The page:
Elder Law Attorney Michigan:
Guardianships & Conservatorships
Some adults are, or become, unable to conduct their personal affairs or manage their finances because of mental or physical impairment. In cases such as these, the state traditionally steps in to appoint a guardian to protect those individuals who, for various reasons, are unable to make decisions for themselves.
As a result of a legal proceeding in which a person’s rights must be carefully considered, a Probate Court may appoint a guardian or conservator for an individual found by the court to be a “protected person.” This means that the court has determined that an adult individual, 18 years of age or older, is unable to care for his or her basic health, care, and safety needs without the assistance or protection of a guardian; or is unable to manage his or her financial affairs without the assistance or protection of a conservator.
Adult Guardianship Law
A Guardianship becomes necessary when an individual lacks the capacity to make a rational decision regarding his or her health care. Remember, there is no prohibition on making bad decisions. The courts favor the autonomy of the individual. So, the standard is not whether an individual is making a bad decision, it is whether they understand the consequences of those decisions. A Guardianship can usually be avoided by executing a Patient Advocate while one is competent.
As an individual begins to make more and worse decisions such as; not eating properly, not taking prescription medications, leaving the burners on the stove on, hoarding, not keeping the house sanitary—while resisting offers of assistance, someone may have to step in to take control. The Guardianship process is the legal process wherein another person is able to take charge of another. The Guardianship process in Michigan takes place in the probate court in the county in which the proposed Ward resides or the county where the proposed ward is found. The Petition must be signed by the person seeking to be the guardian (usually a family member) and generally is accompanied by a medical statement of concern, someone who is familiar with the situation, generally the proposed ward’s personal care physician.
After the petition has been filed in the appropriate probate court, the judge will appoint an attorney for the proposed ward (if that individual is not already represented), order a Guardian Ad Litem report (an attorney who will act as the eyes and ears of the Court and make a legal recommendation) and order an Independent Medical Exam if requested, to help the court makes the capacity determination. A court hearing will take place and the Probate Judge will make the determination as to whether to award the guardianship or not. A proposed ward not only has the right to counsel but he/she has the right to be present at the Petition hearing. This is essentially the ultimate weighing of individual autonomy against the safety of the individual. This is extremely stressful on all parties to this action and should only be sought if and when no alternative is available and the proposed ward’s health and safety need protection. If an alternative is available, that alternative is preferable.
In practice, we see the greatest need for guardianships in individuals who are dealing with a loss of functional capacity due to a dementing disease or stroke. Often, we field phone calls from children touting that parents are making terrible decisions and those decisions are placing the proposed ward into serious danger of harm to him or herself. Always remember that the courts do not like to take rights away from people, so unless it is absolutely necessary, a guardianship will not be awarded. You should consult with a Guardianship Lawyer before proceeding. We'll be happy to help.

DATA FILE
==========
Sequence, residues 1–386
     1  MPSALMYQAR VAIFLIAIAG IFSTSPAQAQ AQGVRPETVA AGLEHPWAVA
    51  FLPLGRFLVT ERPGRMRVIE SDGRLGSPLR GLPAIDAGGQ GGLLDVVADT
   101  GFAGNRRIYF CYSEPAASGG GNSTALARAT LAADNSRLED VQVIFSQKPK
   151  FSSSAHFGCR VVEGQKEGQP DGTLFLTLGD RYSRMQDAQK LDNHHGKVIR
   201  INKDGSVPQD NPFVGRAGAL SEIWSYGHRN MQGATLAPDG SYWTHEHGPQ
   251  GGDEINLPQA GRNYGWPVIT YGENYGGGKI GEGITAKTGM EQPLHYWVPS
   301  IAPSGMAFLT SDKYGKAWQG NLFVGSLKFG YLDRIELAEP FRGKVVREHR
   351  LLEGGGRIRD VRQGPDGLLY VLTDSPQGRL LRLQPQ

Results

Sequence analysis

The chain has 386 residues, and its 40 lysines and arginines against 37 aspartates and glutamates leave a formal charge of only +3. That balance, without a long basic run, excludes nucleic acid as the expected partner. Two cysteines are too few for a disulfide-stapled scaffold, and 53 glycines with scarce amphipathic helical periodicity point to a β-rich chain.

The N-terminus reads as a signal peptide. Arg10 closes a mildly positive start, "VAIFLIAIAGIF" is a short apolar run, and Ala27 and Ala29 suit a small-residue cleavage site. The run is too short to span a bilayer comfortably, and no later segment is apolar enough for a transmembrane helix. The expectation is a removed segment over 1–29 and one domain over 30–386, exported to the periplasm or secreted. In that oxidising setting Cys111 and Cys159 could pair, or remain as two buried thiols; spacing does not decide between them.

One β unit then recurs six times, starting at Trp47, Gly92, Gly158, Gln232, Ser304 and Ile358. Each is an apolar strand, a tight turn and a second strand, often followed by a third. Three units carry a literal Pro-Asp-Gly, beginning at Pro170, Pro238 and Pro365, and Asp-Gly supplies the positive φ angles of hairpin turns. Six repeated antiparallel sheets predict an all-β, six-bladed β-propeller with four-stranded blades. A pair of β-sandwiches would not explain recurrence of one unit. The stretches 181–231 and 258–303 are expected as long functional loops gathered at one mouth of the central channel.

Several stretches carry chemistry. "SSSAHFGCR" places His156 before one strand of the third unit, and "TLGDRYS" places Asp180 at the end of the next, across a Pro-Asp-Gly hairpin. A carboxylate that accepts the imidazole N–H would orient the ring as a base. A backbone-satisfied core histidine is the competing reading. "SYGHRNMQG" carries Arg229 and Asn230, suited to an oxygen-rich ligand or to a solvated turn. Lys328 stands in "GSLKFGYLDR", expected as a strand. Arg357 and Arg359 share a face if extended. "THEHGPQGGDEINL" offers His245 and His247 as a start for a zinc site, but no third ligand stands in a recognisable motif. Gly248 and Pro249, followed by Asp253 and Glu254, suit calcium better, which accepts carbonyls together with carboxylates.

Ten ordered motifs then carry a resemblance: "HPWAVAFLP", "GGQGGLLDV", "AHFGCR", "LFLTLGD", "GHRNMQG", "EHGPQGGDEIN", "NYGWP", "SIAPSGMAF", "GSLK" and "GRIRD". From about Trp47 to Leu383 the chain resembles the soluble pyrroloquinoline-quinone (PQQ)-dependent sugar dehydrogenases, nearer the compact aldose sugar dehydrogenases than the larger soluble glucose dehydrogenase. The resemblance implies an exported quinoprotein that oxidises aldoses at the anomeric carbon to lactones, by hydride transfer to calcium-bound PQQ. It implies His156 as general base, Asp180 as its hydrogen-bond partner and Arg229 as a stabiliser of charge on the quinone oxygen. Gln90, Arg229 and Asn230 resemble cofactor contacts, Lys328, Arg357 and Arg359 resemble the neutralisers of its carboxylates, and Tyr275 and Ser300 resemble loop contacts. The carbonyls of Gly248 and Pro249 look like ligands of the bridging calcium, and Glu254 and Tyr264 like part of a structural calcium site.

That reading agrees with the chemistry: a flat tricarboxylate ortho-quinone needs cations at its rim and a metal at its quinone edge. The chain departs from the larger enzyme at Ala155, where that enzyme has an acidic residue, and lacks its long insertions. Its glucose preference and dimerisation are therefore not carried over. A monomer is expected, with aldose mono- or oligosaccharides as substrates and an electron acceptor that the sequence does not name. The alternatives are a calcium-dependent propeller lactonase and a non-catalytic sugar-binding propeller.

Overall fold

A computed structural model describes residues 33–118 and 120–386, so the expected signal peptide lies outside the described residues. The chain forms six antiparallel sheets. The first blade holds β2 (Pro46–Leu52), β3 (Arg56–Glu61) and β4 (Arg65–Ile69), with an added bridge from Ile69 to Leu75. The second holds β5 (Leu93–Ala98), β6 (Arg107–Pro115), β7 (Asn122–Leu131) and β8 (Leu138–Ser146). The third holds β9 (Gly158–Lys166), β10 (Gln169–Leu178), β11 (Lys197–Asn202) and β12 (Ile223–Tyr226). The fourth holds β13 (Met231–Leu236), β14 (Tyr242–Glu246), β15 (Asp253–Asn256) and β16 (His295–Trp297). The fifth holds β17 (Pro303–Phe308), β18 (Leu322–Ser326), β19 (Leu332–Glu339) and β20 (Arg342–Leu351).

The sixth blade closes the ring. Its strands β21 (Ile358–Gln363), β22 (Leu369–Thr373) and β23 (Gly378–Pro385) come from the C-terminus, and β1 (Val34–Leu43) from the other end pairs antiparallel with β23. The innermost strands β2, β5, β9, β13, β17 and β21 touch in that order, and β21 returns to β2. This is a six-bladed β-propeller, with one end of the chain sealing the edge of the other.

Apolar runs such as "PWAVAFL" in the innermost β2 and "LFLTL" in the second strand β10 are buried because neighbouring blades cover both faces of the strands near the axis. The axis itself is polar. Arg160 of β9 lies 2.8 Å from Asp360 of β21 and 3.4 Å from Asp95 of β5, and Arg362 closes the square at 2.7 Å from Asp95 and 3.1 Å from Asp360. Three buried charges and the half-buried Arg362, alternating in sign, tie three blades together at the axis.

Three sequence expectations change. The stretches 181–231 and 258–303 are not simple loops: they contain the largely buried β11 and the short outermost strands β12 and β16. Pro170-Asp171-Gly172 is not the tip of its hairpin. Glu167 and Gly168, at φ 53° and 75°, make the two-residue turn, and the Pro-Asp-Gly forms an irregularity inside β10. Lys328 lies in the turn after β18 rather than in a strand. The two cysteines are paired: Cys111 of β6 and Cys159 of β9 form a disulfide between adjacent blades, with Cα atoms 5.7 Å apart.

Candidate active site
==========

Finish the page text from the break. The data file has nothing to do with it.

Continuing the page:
Conservatorship for an Adult
A conservatorship may be necessary when an individual can no longer make contractual or financial transactions or decisions for himself. He or she may have lost functional capacity and is making bad financial choices or perhaps is being exploited by another. When the court grants a conservatorship, the conservator can conduct business on behalf of the ward. For instance, the conservator manages the funds and property of another, opens or closes bank accounts, and can make or break contracts. The conservator receives, collects, and makes decisions regarding the ward’s property. A conservatorship can be avoided if the incapacitated individual had executed a valid Power of Attorney prior to incapacity, appointing someone else to manage his or her affairs.
If a conservatorship is necessary, there are procedures that need to be followed. A petition is filed in the probate court in the county in which the proposed ward resides. If the proposed ward does not have an attorney, the court will appoint one and generally will also appoint a Guardian Ad Litem as well. During the hearing, arguments are made, and evidence is presented regarding the capacity and actions of the proposed ward. The standard that the court applies when determining if a conservator is needed is whether the proposed ward lacks sufficient capacity to make or communicate significant responsible decisions concerning the management of his property.
When a conservator is appointed, he or she will have to post a bond in order to guarantee that the conservator “does the right thing” with the ward’s assets. Once the court has appointed a conservator, the court oversees the actions of the conservator by requiring financial returns to be filed with the court periodically, generally on an annual basis.
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Contact Woods Law Office today for all of your Michigan elder law and Michigan eldercare needs. You can also contact us with your veteran benefits in Michigan questions. We are located in Shelby Township, Michigan.
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